Don’t just keep trying; report your limits

The other day we had problems with a service dying. It ran out of memory, crashing and failing to respond to all open requests. That service was running analyses of repositories, digging through their files to report on the condition of the code.

It ran out of memory trying to analyze a particular large repository with hundreds of projects within it. This is a monorepo, and Atomist is built to help with microservices — code scattered across many repositories.

This particular day, Rod Johnson and I paired on this problem, and we found a solution that neither of us would have found alone. His instinct was to work on the program, tweaking the way it caches data, until it could handle this particular repository. My reaction was to widen the problem: we’re never going to handle every repository, so how do we fail more gracefully?

The infrastructure of the software delivery machine (the program that runs the analyses) can limit the number of concurrent analyses, but it can’t know how big a particular one will be.

However, the particular analysis can get an idea of how big it was going to be. In this case, one Aspect finds interior projects within the repository under scrutiny. My idea was: make that one special, run it first, and if there are too many projects, decline to do the analysis.

Rod, as a master of abstraction, saw a cleaner way to do it. He added a veto functionality, so that any Aspect can declare itself smart enough to know whether analysis should continue. We could add one that looks at the total number of files, or the size of the files.

We added a step to the analysis that runs these Vetoing Aspects first. We made them return not only “please stop,” but a reason for that stop. Then we put that into the returned analysis.

The result is: for too-large repositories, we can give back a shorter analysis that communicates: “There are too many projects inside this repository, and here is the list of them.” That’s the only information you get, but at least you know why that’s all you got.

And nothing else dies. The service doesn’t crash.

When a program identifies a case it can’t handle and stops, then it doesn’t take out a bunch of innocent-bystander requests. It gives a useful message to humans, who can then make the work easier, or optimize the program until it can handle this case, or add a way to override the precaution. This is a collaborative automation.

When you can’t solve a problem completely, step back and ask instead: can I know when to stop? “FYI, I can’t do this because…” is more useful than OutOfMemoryError.

A lot of rules

A Swede, on American Football: “Are there any rules? It looks like they stand in two lines, someone throws the ball backwards, and then it’s a big pile.”

Me: “141 pages, last I checked. It takes a lot of rules to look like there aren’t any.”

Later, people talked about error messages. There are so many different ones! … or there should be. Actually they all fall back to “Something went wrong” when the server responds with non-success.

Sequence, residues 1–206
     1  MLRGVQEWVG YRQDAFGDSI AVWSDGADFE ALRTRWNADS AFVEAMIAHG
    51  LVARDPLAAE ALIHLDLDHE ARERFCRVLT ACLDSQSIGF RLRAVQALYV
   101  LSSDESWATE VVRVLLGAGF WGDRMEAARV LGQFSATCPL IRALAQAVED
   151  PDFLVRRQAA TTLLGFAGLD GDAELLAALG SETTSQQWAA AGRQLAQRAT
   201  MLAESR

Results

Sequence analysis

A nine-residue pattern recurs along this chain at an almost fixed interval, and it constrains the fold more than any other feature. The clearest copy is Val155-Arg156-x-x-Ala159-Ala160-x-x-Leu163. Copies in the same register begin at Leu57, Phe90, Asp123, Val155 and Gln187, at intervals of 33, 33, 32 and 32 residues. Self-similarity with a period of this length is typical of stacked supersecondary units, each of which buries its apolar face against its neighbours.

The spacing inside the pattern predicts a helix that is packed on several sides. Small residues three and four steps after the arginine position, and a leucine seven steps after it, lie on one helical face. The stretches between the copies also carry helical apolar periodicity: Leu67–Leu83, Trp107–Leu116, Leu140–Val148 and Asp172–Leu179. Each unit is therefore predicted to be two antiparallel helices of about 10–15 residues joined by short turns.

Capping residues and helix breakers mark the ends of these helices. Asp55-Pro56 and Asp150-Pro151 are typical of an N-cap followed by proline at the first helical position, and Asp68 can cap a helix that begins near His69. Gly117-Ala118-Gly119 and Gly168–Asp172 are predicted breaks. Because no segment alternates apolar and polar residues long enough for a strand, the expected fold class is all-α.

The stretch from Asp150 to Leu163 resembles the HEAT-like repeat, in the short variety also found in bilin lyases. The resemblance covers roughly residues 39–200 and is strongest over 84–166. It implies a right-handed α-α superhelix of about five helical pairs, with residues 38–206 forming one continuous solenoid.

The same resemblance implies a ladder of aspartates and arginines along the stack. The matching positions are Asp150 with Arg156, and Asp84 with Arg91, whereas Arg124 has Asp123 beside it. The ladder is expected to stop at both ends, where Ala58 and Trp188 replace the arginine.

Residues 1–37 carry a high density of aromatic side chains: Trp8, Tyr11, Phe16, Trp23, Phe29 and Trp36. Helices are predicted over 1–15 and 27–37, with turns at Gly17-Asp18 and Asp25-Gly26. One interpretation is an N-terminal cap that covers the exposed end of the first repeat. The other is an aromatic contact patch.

Was it a transient error? Maybe the client should retry, or ask the person to try again later. Was it a partial failure? Maybe the client should refresh its data. Was it invalid input? Please, please tell the person what they can do about it. In all supported languages.

The happy path may be the most frequent path, but it is one of thousands through your application. As software gets more complicated, the happy path becomes unlikely. (99.9% success in a thousand different calls has a 37% happy path, if the person gets everything right.) What makes an app smooth isn’t lack of failure, it’s accommodation of these alternate paths. Especially when people are being humans and don’t follow your instructions.

Each error is special. Each chance to smooth its handling is precious. People rarely report confusion, so jump on it when they do.

This alternate-path code gets gnarly. You may have 141 pages of it, and growing every year.

It takes a lot of rules to make an app “just work.”

GOTO Amsterdam: Respect the past, renew the present

GOTO Amsterdam started with a retrospective on Java, and ended with the admonition that even Waterfall was an advancement in its time. The conference encouraged building on the past, renewing and adding for growth.

As our bodies renew themselves, replacing cells so we’re never quite the same organism; so our software wants renewal and gradual improvement, small frequent changes, all the way out to deployment. Chad Fowler reports that the average uptime of a node at Wunderkind is in hours, and he’d like to make it shorter. Code modules are small, data is small, and servers are small. Components fail and the whole continues. Don’t optimize the time between failures: optimize the time to recovery. And monitor! Testing helps us develop with confidence, but monitoring lets us deploy with confidence.

At Etsy as well, changes are small and deployments frequent. Bits of features are deployed to production before they’re ever activated. Then they’re activated gradually, a separate process from deployment, and carefully monitored. Etsy has one giant monolithic PHP app, and yet they’ve achieved 50/day deployments with great uptime. Monitoring removes fear: “It’s not about how often you deploy your app. It’s do you feel comfortable deploying from trunk, right now?”